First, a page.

Another way to take advantage of Rotary membership is to offer it to up and coming young professionals. Rotary provides invaluable opportunities for taking on leadership roles for ambitious young executives while also providing networking opportunities to learn how other businesses are solving a variety of common business issues. Young professionals can find a variety of role models and mentors in the local Rotary club, a particularly valuable benefit for Next-Gen business leaders. Offering young professionals Rotary membership is a great value for business owners looking to develop the next generation of company leadership. And offering the “perk” of Rotary membership shows young executives that a business cares about their personal and professional growth.
The secret to our corporate membership is this: up to four members of a local business or other organization can join as full members of Rotary but three of the four members pay significantly discounted dues of only $150 per year. (NOTE to RFA readers, this is our RI dues plus our District dues.) Technically, the business entity does not become a Rotary member. However, the business typically pays the dues for Rotary membership and gets a tax deduction. The arrangement works well for our Rotary club as we get to meet four members of a local business and consider them full members of our club. We are eagerly looking for the leadership these new members will contribute. And the arrangement is terrific for a local business in Howard County because:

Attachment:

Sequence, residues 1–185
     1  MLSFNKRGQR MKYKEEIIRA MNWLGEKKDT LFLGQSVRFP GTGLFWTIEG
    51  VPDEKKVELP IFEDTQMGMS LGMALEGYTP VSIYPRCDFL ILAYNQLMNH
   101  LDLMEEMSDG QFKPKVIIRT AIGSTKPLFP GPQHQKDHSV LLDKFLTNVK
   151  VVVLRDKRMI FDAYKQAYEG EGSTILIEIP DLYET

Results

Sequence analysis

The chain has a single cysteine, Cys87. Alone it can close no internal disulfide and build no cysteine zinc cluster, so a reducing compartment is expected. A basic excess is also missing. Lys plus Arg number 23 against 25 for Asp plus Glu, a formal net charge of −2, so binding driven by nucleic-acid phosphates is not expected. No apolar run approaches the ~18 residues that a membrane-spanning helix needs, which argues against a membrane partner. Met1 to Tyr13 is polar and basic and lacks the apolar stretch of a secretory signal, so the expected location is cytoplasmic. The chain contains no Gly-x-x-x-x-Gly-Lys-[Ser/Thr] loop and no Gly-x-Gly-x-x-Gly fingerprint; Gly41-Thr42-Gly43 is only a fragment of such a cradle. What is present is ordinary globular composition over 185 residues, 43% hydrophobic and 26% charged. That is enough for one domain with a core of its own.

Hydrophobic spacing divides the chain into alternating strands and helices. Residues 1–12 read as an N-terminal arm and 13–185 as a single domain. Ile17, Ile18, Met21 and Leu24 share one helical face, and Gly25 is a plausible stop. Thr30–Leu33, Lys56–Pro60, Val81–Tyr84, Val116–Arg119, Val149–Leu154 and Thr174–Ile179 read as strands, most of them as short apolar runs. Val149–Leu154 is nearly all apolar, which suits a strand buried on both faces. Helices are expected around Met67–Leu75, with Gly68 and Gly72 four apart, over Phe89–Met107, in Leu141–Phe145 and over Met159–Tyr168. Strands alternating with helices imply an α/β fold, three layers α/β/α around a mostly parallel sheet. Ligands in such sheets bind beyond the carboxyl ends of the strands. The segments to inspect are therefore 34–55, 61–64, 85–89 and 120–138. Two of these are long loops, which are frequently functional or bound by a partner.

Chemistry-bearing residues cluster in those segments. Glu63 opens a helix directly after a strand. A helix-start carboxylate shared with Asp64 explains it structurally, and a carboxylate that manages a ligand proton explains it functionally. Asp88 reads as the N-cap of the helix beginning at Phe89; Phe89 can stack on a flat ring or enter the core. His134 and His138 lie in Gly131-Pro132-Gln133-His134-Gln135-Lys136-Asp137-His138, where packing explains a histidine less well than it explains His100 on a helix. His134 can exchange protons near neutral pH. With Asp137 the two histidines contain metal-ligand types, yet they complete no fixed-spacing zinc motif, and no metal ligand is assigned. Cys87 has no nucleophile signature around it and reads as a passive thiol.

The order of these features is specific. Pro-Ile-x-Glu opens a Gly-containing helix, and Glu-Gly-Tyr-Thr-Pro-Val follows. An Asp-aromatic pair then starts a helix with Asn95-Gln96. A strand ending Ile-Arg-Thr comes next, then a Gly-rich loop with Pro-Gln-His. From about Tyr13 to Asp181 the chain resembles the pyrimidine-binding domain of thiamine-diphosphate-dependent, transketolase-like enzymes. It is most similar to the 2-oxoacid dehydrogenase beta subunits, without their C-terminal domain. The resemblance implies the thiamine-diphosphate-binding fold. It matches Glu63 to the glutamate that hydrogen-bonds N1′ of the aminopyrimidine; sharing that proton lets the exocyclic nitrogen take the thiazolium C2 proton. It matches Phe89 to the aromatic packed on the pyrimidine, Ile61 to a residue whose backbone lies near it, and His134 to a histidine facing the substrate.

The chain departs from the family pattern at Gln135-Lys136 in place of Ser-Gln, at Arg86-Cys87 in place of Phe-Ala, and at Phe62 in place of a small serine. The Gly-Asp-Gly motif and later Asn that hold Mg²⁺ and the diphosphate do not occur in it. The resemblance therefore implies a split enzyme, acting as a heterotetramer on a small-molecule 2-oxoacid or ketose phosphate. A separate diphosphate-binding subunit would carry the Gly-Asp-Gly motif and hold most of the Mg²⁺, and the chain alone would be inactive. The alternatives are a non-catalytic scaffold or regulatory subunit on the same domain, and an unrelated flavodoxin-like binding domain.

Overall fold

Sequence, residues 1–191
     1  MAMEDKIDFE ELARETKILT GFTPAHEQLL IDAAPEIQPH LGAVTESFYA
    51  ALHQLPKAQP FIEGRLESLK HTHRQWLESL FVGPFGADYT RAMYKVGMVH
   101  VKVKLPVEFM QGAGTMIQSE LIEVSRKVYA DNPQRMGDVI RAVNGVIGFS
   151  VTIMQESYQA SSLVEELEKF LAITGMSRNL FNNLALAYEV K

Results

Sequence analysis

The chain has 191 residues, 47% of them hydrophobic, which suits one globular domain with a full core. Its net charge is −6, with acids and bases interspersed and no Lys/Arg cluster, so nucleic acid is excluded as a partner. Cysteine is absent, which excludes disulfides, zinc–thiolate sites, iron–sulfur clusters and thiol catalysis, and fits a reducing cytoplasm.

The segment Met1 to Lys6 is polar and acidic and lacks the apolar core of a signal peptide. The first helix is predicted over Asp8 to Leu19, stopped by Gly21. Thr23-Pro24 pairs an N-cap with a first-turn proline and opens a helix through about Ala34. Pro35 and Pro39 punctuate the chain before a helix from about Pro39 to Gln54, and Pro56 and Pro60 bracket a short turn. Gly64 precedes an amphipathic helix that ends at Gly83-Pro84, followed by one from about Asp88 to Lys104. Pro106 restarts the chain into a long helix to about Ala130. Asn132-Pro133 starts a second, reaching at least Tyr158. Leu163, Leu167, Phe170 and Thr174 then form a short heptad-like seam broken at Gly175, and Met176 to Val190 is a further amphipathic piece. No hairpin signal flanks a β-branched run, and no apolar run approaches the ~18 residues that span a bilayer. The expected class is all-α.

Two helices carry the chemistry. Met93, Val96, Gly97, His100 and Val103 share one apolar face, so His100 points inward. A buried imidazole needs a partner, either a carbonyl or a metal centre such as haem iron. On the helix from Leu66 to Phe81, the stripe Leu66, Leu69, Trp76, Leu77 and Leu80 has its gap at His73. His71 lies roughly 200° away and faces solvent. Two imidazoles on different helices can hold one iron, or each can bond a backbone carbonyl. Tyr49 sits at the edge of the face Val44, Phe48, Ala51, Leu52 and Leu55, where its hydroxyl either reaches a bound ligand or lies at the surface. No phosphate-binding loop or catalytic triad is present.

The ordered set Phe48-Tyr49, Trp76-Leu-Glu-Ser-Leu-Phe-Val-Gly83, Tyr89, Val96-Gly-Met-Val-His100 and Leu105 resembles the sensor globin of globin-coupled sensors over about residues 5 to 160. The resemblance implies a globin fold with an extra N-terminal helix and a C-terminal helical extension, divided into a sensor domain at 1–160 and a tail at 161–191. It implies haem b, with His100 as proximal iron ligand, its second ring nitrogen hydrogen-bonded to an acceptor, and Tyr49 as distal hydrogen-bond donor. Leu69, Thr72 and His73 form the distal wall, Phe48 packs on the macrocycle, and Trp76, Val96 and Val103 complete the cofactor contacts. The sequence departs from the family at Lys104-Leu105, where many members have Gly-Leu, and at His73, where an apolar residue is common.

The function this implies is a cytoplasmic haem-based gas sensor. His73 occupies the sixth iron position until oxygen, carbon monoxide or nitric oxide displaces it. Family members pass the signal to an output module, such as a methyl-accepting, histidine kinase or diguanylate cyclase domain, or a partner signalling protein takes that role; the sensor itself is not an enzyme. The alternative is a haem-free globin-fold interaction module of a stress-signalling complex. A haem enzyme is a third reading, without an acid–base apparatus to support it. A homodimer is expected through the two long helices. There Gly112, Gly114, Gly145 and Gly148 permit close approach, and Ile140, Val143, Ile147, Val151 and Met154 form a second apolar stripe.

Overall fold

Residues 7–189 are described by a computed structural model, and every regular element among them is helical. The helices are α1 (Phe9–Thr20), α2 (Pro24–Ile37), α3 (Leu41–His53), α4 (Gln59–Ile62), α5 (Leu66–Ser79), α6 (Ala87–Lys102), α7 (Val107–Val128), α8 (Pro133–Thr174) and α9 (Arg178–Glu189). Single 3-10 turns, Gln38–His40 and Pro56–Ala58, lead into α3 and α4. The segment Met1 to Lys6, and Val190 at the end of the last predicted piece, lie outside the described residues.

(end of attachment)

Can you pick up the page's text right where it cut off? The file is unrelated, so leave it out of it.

1) Any of the four members can attend a meeting or all four are welcome at the same meeting, adding tremendous flexibility and reducing the time commitment of any one member. (Note to RFA readers: At the Col Pax club meal costs are included in dues. If more than one corporate representative attends the meeting they pay for meals as they go.)
2) The price of membership is a fraction of the cost compared to all four executives paying full membership dues.
3) The business is well represented in the community and can participate in projects that they help design if they choose.